Watch Out: That Beer Just Might Wreck Your Teeth!

Watch out that beer just might wreck your teeth

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Summer is on the way out, but it’s still darn hot. You’ve been working in the yard all day long and there’s only one thing that will quench your thirst: an ice-cold IPA. Before you toss back that brew (or wine or liquor-based cocktail), you may want to know how alcohol can affect your teeth.

Out With the Good, In With the Bad

In a study published this April by the NYU School of Medicine, researchers found that the most common problem people had with their oral health after drinking was bacterial imbalance. See … we all have good and bad bacteria, but when alcohol enters the picture, the good bacteria is diminished and the bad bacteria flourishes. Why does this matter? Not only does the good bacteria overpower the bad to reduce the occurrence of tooth decay, it also fights bacteria that can cause infections such as strep throat and, worse, gastrointestinal cancers and heart disease. If you have any form of gum disease, you should be even more concerned, as bleeding gums are essentially an open wound inviting all of your bad mouth bacteria to invade your bloodstream.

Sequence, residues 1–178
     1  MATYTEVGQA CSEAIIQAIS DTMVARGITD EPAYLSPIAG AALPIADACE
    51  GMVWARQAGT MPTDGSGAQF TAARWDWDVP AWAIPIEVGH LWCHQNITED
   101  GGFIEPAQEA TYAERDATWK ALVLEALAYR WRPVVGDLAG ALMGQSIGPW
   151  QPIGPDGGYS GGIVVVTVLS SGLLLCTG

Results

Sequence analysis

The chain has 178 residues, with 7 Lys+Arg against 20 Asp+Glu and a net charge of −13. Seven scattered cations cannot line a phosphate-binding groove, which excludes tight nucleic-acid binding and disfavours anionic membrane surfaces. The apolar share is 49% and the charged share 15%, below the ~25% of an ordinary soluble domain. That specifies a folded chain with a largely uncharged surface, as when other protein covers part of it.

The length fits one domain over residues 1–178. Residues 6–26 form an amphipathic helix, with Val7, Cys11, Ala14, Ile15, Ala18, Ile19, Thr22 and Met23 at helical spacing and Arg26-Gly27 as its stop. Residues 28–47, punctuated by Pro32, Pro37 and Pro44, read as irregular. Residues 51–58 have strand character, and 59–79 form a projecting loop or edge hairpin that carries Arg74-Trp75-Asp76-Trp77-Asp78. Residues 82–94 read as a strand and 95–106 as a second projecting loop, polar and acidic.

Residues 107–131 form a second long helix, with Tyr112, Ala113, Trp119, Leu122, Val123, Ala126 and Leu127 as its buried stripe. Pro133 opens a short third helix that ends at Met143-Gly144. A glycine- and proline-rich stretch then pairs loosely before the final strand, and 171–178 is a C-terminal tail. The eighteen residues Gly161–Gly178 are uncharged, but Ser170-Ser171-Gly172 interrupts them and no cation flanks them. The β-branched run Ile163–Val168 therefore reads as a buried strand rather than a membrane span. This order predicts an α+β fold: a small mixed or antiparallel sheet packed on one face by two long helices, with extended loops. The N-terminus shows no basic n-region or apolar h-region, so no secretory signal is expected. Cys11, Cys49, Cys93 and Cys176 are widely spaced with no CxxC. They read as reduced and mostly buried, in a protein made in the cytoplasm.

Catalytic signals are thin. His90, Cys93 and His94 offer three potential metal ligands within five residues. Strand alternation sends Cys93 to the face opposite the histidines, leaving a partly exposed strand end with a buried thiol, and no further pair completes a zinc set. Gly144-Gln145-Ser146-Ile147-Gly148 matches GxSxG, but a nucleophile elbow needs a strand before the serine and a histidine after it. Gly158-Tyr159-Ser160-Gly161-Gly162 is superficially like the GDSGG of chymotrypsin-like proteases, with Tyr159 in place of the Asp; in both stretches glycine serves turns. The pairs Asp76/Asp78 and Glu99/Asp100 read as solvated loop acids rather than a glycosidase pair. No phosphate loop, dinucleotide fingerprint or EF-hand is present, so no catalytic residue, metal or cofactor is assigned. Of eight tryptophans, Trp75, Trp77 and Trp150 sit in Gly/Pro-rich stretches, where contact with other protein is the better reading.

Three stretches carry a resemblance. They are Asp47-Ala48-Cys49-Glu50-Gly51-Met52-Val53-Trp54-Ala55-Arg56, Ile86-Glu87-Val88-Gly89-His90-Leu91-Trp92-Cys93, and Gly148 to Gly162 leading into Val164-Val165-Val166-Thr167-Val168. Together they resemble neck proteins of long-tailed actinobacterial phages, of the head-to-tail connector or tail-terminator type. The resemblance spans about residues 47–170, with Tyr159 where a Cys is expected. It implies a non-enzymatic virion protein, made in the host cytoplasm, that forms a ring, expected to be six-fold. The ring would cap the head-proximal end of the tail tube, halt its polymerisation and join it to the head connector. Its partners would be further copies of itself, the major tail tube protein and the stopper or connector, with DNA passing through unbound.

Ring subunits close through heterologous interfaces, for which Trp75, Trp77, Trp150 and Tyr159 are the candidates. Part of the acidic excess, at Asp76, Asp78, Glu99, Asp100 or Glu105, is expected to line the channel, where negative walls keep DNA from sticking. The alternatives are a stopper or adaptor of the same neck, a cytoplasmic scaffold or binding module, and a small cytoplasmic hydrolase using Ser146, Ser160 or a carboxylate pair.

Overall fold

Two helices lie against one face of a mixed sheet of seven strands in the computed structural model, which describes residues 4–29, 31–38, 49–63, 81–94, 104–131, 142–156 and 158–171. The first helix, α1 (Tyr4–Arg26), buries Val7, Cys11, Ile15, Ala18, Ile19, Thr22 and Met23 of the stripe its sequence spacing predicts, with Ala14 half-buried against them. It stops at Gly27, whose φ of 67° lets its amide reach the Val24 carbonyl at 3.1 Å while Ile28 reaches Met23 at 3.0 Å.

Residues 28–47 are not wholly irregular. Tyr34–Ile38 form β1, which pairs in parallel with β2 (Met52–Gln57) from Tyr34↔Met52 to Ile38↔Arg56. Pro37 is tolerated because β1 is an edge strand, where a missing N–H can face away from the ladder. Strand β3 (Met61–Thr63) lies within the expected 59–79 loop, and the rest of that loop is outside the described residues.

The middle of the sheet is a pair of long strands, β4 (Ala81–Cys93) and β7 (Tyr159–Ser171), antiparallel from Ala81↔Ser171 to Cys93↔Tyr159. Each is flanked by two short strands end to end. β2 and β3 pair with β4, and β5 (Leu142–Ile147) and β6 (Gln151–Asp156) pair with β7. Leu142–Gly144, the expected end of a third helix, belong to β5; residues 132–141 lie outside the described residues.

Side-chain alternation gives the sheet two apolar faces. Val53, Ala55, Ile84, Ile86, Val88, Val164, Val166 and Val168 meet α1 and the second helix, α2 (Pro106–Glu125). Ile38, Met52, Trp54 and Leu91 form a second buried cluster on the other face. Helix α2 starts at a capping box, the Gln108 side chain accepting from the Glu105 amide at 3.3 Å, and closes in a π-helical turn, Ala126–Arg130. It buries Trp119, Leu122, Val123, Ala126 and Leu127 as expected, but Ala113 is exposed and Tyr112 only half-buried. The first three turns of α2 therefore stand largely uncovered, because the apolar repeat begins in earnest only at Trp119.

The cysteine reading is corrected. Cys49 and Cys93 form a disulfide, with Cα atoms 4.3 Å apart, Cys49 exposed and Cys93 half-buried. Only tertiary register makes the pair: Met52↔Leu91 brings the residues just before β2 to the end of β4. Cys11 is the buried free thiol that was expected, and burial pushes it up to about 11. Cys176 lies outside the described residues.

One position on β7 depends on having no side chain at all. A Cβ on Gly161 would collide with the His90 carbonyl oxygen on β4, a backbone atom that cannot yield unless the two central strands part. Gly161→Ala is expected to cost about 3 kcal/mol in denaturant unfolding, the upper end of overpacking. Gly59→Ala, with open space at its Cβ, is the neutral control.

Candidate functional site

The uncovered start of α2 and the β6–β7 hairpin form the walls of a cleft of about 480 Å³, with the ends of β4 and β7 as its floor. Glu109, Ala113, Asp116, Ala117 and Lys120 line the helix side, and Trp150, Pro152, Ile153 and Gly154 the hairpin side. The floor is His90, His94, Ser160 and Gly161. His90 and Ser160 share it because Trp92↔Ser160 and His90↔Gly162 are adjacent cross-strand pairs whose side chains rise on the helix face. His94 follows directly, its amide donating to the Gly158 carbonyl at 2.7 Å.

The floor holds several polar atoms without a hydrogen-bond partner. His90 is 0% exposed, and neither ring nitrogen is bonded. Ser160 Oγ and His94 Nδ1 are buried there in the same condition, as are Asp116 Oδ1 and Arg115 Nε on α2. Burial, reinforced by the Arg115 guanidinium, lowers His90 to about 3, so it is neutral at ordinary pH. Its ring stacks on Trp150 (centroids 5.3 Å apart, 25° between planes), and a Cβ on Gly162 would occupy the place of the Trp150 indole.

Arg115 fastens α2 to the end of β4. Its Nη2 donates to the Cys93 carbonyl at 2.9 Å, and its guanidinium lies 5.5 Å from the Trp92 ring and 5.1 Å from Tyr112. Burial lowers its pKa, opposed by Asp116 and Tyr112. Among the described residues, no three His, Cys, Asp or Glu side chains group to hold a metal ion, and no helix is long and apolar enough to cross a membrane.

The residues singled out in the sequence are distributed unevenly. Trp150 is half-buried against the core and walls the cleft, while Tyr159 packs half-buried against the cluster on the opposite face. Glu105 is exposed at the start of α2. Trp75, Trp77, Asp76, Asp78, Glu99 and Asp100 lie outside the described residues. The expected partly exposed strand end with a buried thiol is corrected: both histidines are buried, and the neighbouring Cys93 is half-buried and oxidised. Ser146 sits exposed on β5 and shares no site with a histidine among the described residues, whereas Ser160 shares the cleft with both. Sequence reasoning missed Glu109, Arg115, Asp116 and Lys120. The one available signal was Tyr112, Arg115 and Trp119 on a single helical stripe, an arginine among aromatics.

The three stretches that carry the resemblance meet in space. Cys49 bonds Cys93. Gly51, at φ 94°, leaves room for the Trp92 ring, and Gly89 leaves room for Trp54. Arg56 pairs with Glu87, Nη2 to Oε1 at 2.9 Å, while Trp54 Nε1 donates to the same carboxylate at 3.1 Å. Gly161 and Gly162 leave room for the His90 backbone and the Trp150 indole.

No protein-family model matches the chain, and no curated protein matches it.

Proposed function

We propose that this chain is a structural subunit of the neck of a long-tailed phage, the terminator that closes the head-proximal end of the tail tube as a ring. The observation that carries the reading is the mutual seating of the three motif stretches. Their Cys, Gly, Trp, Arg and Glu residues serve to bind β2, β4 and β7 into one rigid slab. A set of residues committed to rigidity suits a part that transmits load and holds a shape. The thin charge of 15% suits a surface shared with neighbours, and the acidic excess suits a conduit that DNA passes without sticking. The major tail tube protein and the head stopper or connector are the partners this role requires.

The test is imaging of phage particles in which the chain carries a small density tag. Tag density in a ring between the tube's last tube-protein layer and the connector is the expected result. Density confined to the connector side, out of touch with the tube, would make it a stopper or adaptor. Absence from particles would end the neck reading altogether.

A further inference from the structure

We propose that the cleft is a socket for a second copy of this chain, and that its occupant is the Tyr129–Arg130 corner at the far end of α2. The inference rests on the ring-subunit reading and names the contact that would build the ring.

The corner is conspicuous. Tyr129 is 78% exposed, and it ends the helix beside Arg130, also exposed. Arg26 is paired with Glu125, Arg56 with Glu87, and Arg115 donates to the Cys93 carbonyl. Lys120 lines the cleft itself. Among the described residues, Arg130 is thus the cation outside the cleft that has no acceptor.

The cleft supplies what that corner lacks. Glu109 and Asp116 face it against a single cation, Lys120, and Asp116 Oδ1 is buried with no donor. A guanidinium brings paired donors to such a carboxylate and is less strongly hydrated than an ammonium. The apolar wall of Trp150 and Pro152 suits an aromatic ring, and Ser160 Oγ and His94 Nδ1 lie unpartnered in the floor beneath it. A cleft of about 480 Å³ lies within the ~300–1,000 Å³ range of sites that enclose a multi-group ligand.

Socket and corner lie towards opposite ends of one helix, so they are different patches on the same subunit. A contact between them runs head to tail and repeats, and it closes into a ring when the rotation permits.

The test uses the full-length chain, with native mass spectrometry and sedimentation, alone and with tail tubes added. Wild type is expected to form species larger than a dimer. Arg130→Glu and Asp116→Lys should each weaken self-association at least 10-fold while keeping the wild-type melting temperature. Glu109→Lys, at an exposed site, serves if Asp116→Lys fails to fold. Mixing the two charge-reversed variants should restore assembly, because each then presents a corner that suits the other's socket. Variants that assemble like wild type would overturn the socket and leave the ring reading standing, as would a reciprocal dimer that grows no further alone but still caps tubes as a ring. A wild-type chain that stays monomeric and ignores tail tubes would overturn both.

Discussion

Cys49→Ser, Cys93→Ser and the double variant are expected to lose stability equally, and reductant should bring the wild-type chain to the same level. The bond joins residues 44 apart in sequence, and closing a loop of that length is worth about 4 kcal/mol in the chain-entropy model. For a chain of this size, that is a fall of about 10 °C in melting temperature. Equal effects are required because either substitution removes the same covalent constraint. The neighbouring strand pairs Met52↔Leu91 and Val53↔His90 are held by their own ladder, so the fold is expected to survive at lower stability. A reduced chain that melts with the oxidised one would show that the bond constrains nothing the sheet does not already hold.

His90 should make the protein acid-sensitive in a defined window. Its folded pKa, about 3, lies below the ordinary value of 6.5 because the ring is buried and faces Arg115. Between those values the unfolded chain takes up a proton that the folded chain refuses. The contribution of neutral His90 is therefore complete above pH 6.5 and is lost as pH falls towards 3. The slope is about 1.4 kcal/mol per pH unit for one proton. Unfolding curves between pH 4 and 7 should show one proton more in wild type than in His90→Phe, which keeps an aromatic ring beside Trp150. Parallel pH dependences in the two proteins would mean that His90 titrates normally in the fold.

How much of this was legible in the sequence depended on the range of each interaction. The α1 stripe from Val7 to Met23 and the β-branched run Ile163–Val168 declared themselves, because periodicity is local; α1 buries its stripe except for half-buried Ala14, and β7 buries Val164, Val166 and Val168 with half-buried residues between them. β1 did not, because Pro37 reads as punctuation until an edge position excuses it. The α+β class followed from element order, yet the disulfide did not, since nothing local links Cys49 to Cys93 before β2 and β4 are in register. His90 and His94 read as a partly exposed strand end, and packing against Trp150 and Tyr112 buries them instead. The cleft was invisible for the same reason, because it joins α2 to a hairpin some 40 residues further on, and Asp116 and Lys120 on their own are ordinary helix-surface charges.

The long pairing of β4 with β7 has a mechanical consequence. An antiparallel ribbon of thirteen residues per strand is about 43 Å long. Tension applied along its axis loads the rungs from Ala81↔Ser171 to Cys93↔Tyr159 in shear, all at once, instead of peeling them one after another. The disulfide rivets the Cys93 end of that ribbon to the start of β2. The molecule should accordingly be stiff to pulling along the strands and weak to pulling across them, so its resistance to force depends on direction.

Dehydration: The Enemy of Fresh Breath

Another problem with alcohol is that is causes dehydration — including of your oral tissues. Saliva is your body’s first defense against decay and disease, as it helps flush harmful microbes and food particles from your mouth. When saliva doesn’t flow as it should, not only does your risk of decay increase, so does the likelihood of bad breath!

Don’t Fret

One simple way to minimize the damage caused by drinking alcohol is to drink lots of water between your adult beverages. Not only will it help to prevent dehydration (which your entire body will thank you for), it also helps rinse away food particles and bacteria that aren’t being flushed out by your saliva.

The Dental Solutions of Mississippi team isn’t opposed to a little tipple every now and then, but we do want you to be aware of how your favorite cocktail can affect your mouth. Whether you’re a daily drinker or a teetotaler, we’d love to help you have the smile of your dreams. If you live in Canton, Mississippi, or the surrounding neighborhoods, contact our office today to schedule an appointment.

Dr. Ruth Roach Morgan, DDS

Dr. Ruth Roach Morgan

After receiving a Bachelor of Science in zoology from LSU, Dr. Ruth Roach Morgan graduated from LSU’s School of Dentistry in 1982 and has been operating Dental Solutions of Mississippi in Canton, MS, for over 30 years. As a family-owned business, Dr. Morgan has an extensive love for dentistry, animals, and her patients’ dental care.

Dr. Ruth Roach Morgan, DDS

Dr. Ruth Roach Morgan

After receiving a Bachelor of Science in zoology from LSU, Dr. Ruth Roach Morgan graduated from LSU’s School of Dentistry in 1982 and has been operating Dental Solutions of Mississippi in Canton, MS, for over 30 years. As a family-owned business, Dr. Morgan has an extensive love for dentistry, animals, and her patients’ dental care.

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